No Time to Go Wobbly

The media has trained its lenses on turmoil in the Middle East and turmoil in Wisconsin. Nearly forgotten in this fascination with all things Qaddafi and public-sector-unions is the fact that the federal government has some tough decisions ahead.

Remember that $3 trillion-plus budget the president presented not long ago? Is that really the beginning of what he terms an “adult conversation”?

How about starting with a proposal that is truly adult first? Of course, there are some people who don’t mind this budget, and who actually see it as a excellent step in the right direction:

Republicans are calling for deep cuts in discretionary spending, and are seeking Democrat allies:

Let’s just say they haven’t been easy to find—and that’s on discretionary spending. What will it be like when they tackle entitlements such as Social Security and Medicare?

It’s going to take a lot of backbone on the part of Republicans to make a dent in this:

An allied problem is whether the American electorate will overcome its divided thinking:

It’s not the politicians only who have to develop nerves of steel. They are going to need help from those who put them in their positions. As Margaret Thatcher told the first President Bush as he debated his actions in the Persian Gulf War, “Remember, George, this is no time to go wobbly.” The same advice needs to be forcefully presented to the American electorate.

Making Matters Worse

It’s huge. It’s mind-boggling. It’s the Obama administration’s new budget proposal. A decidedly non-conservative source—the Associated Press—warned,

Not since World War II has the federal budget deficit made up such a big chunk of the U.S. economy. And within two or three years, economists fear the result could be sharply higher interest rates that would slow economic growth.

What led the AP to issue such a dramatic prognosis? The new Obama budget calls for a record deficit of $1.65 trillion this year. The AP continues,

That would be just under 11 percent of the $14 trillion economy—the largest proportion since 1945, when wartime spending swelled the deficit to 21.5 percent of U.S. gross domestic product.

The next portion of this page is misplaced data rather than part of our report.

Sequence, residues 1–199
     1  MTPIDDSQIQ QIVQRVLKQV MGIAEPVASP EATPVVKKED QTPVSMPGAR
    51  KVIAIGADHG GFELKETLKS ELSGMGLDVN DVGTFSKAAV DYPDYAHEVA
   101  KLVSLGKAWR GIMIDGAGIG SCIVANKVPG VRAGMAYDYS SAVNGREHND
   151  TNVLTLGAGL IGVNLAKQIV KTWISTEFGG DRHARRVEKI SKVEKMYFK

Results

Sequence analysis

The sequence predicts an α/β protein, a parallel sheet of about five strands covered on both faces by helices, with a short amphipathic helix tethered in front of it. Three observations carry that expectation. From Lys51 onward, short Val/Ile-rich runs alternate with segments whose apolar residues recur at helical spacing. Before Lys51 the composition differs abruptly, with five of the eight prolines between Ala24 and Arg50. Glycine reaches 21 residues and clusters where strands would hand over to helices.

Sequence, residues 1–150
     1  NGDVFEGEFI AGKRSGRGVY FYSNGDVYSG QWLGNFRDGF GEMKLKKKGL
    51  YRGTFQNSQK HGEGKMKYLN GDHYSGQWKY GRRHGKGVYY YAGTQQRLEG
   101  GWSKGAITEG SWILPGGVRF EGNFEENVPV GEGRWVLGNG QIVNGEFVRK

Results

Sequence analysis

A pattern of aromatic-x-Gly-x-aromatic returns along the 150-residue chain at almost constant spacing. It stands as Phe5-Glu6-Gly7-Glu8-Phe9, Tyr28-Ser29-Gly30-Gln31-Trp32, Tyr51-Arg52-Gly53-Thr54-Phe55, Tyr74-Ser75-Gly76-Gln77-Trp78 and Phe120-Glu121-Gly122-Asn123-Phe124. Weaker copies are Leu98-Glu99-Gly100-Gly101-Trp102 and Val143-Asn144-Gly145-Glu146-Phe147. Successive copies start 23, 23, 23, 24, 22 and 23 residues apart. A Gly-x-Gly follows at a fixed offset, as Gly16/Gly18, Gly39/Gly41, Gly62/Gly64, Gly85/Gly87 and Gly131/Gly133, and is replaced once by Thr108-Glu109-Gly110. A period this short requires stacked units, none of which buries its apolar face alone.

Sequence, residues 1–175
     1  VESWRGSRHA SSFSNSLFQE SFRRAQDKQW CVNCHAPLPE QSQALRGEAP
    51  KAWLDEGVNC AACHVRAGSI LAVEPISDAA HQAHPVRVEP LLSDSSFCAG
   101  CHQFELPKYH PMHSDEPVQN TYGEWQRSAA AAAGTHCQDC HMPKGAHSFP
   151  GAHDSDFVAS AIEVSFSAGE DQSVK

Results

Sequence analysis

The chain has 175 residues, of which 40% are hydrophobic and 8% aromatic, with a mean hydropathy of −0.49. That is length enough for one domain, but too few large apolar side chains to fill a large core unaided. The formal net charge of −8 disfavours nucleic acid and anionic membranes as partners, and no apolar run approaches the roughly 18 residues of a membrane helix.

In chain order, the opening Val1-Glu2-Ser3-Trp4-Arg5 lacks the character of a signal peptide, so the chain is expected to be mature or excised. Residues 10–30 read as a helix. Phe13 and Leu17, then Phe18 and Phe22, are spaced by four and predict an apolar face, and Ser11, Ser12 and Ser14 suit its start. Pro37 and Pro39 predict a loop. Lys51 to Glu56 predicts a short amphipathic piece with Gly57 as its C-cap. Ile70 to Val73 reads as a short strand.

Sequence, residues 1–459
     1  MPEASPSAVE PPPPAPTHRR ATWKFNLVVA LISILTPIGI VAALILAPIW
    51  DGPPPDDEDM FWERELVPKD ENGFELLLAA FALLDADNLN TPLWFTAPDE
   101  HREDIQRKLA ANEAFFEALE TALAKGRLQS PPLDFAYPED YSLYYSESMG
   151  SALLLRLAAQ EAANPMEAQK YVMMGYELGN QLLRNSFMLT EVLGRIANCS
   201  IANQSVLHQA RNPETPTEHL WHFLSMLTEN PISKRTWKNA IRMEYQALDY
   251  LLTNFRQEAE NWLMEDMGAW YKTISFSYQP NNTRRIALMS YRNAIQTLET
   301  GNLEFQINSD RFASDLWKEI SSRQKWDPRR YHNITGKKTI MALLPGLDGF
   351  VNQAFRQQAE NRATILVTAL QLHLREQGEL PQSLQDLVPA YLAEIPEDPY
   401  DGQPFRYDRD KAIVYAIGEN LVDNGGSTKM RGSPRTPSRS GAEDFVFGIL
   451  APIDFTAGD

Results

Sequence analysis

The deficit is getting to the point where it’s virtually out of control:

Ah, but not to fear, we’re told there are spending cuts contained within:

Here’s another way to illustrate it:

Republicans have rejected the Obama budget outright, saying it’s not really dealing with the problem. Will they have a better approach? Will they have the stomach to do what’s necessary to get this under control, which includes entitlement reform? I remain hopeful. Even if they don’t do everything they should, it ought to be better than what the president has proposed:

Yet the Obama administration refuses to yield on the idea that massive spending is required to pull us out of the recession. Treasury Secretary Timothy Geithner said yesterday that it would be a mistake to stop “investing” in the economy. Of course, “investing” has been given a brand new definition lately:

This is economic lunacy. Republicans now have to inject a sense of responsibility into the process. Both sides are talking about having an adult conversation on the economy. If this is what Obama calls an adult conversation, it appears the Republicans are going to have to talk to themselves.

The Economy & the Political Will

The budget battle looms. Debate over how to reinvigorate the economy is ongoing. At least now the Republicans have a voice in this debate and can have an effect on the budget. If they make their case well, they can frame it in a way most Americans will grasp. They actually have a lot going for them, considering the president’s track record:

In his State of the Union Address, Obama kept talking about “investing.” He repeated that theme when speaking to the U.S. Chamber of Commerce the other day. Some translation, though, is necessary when he uses certain terms:

If he continues to have his way, we’re going to have to revise the charts we use to gauge the deficit:

Or build larger rooms.

And who can forget the proverbial 800-pound gorilla in that room—the one nobody wishes to touch?

Unless we’re willing to tackle the entitlements, all the debate will be for nothing. Bold moves are necessary. Is there enough political will to make those moves?